A team of mechanical engineers at the University of California San Diego has successfully used acoustic waves to move fluids through small channels at the nanoscale. The breakthrough is a first step toward the manufacturing of small, portable devices that could be used for drug discovery and microrobotics applications. The devices could be integrated in a lab on a chip to sort cells, move liquids, manipulate particles and sense other biological components. For example, it could be used to filter a wide range of particles, such as bacteria, to conduct rapid diagnosis.
The researchers detail their findings in the Nov. 14 issue of Advanced Functional Materials. This is the first time that surface acoustic waves have been used at the nanoscale.
The field of nanofluidics has long struggled with moving fluids within channels that are 1000 times smaller than the width of a hair, said James Friend, a professor and materials science expert at the Jacobs School of Engineering at UC San Diego. Current methods require bulky and expensive equipment as well as high temperatures. Moving fluid out of a channel that’s just a few nanometers high requires pressures of 1 megaPascal, or the equivalent of 10 atmospheres.
Researchers led by Friend had tried to use acoustic waves to move the fluids along at the nano scale for several years. They also wanted to do this with a device that could be manufactured at room temperature.
After a year of experimenting, post-doctoral researcher Morteza Miansari, now at Stanford, was able to build a device made of lithium niobate with nanoscale channels where fluids can be moved by surface acoustic waves. This was made possible by a new method Miansari developed to bond the material to itself at room temperature. The fabrication method can be easily scaled up, which would lower manufacturing costs. Building one device would cost $1000 but building 100,000 would drive the price down to $1 each.
The device is compatible with biological materials, cells and molecules.
Researchers used acoustic waves with a frequency of 20 megaHertz to manipulate fluids, droplets and particles in nanoslits that are 50 to 250 nanometers tall. To fill the channels, researchers applied the acoustic waves in the same direction as the fluid moving into the channels. To drain the channels, the sound waves were applied in the opposite direction.
By changing the height of the channels, the device could be used to filter a wide range of particles, down to large biomolecules such as siRNA, which would not fit in the slits. Essentially, the acoustic waves would drive fluids containing the particles into these channels. But while the fluid would go through, the particles would be left behind and form a dry mass. This could be used for rapid diagnosis in the field.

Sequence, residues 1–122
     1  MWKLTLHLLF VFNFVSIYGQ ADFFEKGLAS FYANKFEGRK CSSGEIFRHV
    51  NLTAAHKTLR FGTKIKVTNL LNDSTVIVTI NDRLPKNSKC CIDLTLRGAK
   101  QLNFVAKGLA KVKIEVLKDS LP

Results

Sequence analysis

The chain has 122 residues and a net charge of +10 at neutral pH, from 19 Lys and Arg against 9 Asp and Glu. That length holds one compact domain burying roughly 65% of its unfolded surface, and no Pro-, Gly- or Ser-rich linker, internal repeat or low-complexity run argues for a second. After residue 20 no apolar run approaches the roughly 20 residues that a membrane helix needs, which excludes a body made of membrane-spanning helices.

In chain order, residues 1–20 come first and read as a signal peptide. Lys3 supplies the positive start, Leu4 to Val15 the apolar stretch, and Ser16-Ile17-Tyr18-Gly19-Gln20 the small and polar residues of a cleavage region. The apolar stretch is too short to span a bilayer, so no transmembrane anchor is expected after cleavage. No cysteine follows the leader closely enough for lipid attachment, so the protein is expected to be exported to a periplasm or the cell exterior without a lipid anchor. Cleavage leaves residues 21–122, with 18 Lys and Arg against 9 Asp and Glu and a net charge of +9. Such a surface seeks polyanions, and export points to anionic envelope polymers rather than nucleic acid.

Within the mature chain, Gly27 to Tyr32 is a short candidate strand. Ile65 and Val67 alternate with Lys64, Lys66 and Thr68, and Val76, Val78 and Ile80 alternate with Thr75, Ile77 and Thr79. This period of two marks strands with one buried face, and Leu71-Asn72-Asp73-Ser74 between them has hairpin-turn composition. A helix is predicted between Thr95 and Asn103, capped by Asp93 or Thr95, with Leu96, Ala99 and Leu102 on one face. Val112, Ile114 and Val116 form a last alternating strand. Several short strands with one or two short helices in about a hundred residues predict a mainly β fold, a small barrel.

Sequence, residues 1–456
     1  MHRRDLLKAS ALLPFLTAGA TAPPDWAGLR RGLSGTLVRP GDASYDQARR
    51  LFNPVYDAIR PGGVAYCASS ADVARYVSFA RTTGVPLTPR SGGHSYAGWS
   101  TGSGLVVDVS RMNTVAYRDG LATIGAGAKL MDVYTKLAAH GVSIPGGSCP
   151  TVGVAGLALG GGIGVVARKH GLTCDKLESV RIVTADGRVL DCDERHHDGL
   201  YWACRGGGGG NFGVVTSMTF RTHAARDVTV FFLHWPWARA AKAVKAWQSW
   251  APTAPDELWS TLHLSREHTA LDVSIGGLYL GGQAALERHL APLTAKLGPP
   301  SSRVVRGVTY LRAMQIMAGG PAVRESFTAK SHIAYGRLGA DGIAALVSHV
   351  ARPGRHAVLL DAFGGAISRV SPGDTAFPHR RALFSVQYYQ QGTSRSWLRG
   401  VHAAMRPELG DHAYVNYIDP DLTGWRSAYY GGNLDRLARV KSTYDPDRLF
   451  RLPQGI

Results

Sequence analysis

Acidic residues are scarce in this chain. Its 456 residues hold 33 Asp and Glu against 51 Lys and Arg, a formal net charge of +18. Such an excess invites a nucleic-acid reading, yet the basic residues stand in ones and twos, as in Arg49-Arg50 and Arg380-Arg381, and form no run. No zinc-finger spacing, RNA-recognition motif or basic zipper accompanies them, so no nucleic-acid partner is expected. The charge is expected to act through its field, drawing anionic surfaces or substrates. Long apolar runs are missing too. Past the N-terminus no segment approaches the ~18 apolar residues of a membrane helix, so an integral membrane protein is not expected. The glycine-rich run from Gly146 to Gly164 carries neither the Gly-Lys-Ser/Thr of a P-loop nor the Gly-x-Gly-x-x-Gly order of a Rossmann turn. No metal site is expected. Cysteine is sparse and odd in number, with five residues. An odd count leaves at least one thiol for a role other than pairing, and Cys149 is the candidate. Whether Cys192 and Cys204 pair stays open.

The Latest on: Nanofluidics
via Google News
The Latest on: Nanofluidics
- A microscopic physical description of electrothermal‐induced flow for control of ion current transport in microfluidics interfacing nanofluidicson March 24, 2019 at 5:00 pm
Abstract The phenomenon of electrothermal (ET) convection has recently captured great attention for transporting fluidic samples in microchannels embedding simple electrode structures. In the ...
- NanoMedical Systems Receives $3M Grant to Advance nStrada™ Implantable Nanofluidics System for Long-Term Treatment of Opioid Use Disorderon August 13, 2018 at 5:00 pm
August 14, 2018 08:00 ET | Source: NanoMedical Systems, Inc. AUSTIN, Texas, Aug. 14, 2018 (GLOBE NEWSWIRE) -- NanoMedical Systems, Inc. (NMS), an Austin-based company developing implantable, sustained ...
- Nanofluidics - recent progresson August 7, 2018 at 9:58 am
(Nanowerk Spotlight) Nanofluidics is the study and application of fluids in and around geometries with nanoscale characteristic dimensions. The field of nanofluidics is not brand-new. Some issues ...
- Computational Nanoscience: Energy Materials and Nanofluidics Sensors Designon May 21, 2018 at 5:00 pm
Recent advances in nanostructured materials have opened a wide range of new multifunctional materials with promising potential for the development of more efficient energy materials. Furthermore, the ...
- International School of Nanomedicine 3rd Course: “Nanofluidics, Nanoimaging and Nanomanipulation”on April 5, 2018 at 5:00 am
The course will provide many opportunities for interactions and discussions between students, postdocs, junior as well as senior investigators, encouraging and promoting networking between them. The ...
- Nanomushroom sensors: One material, many applicationson February 25, 2018 at 4:00 pm
In several recent papers, Prof. Shen and colleagues at the Micro/Bio/Nanofluidics Unit at the Okinawa Institute of Science and Technology (OIST), described their creation of a new biosensing material ...
- Combining nanofluidics and machine learning to diagnose canceron November 15, 2017 at 1:41 am
(Nanowerk News) Researchers have developed an approach for exosome isolation, wherein millions of nanofluidic exosome sorting components are incorporated onto a single chip and work in parallel to ...
- Nanofluidics research could contribute to oil spill cleanup strategieson January 4, 2017 at 5:38 am
The spreading of mixable liquids into 'droplet hats' was observed for the first time, which could lead to insight into improving strategies for cleaning animals affected by oil spills. When raindrops ...
- Two-dimensional nanofluidicson March 24, 2016 at 11:04 am
The remarkable electronic properties of graphene and related two-dimensional (2D) materials result from the confinement of electrons within the material. Similarly, the interstitial space between 2D ...
via Bing News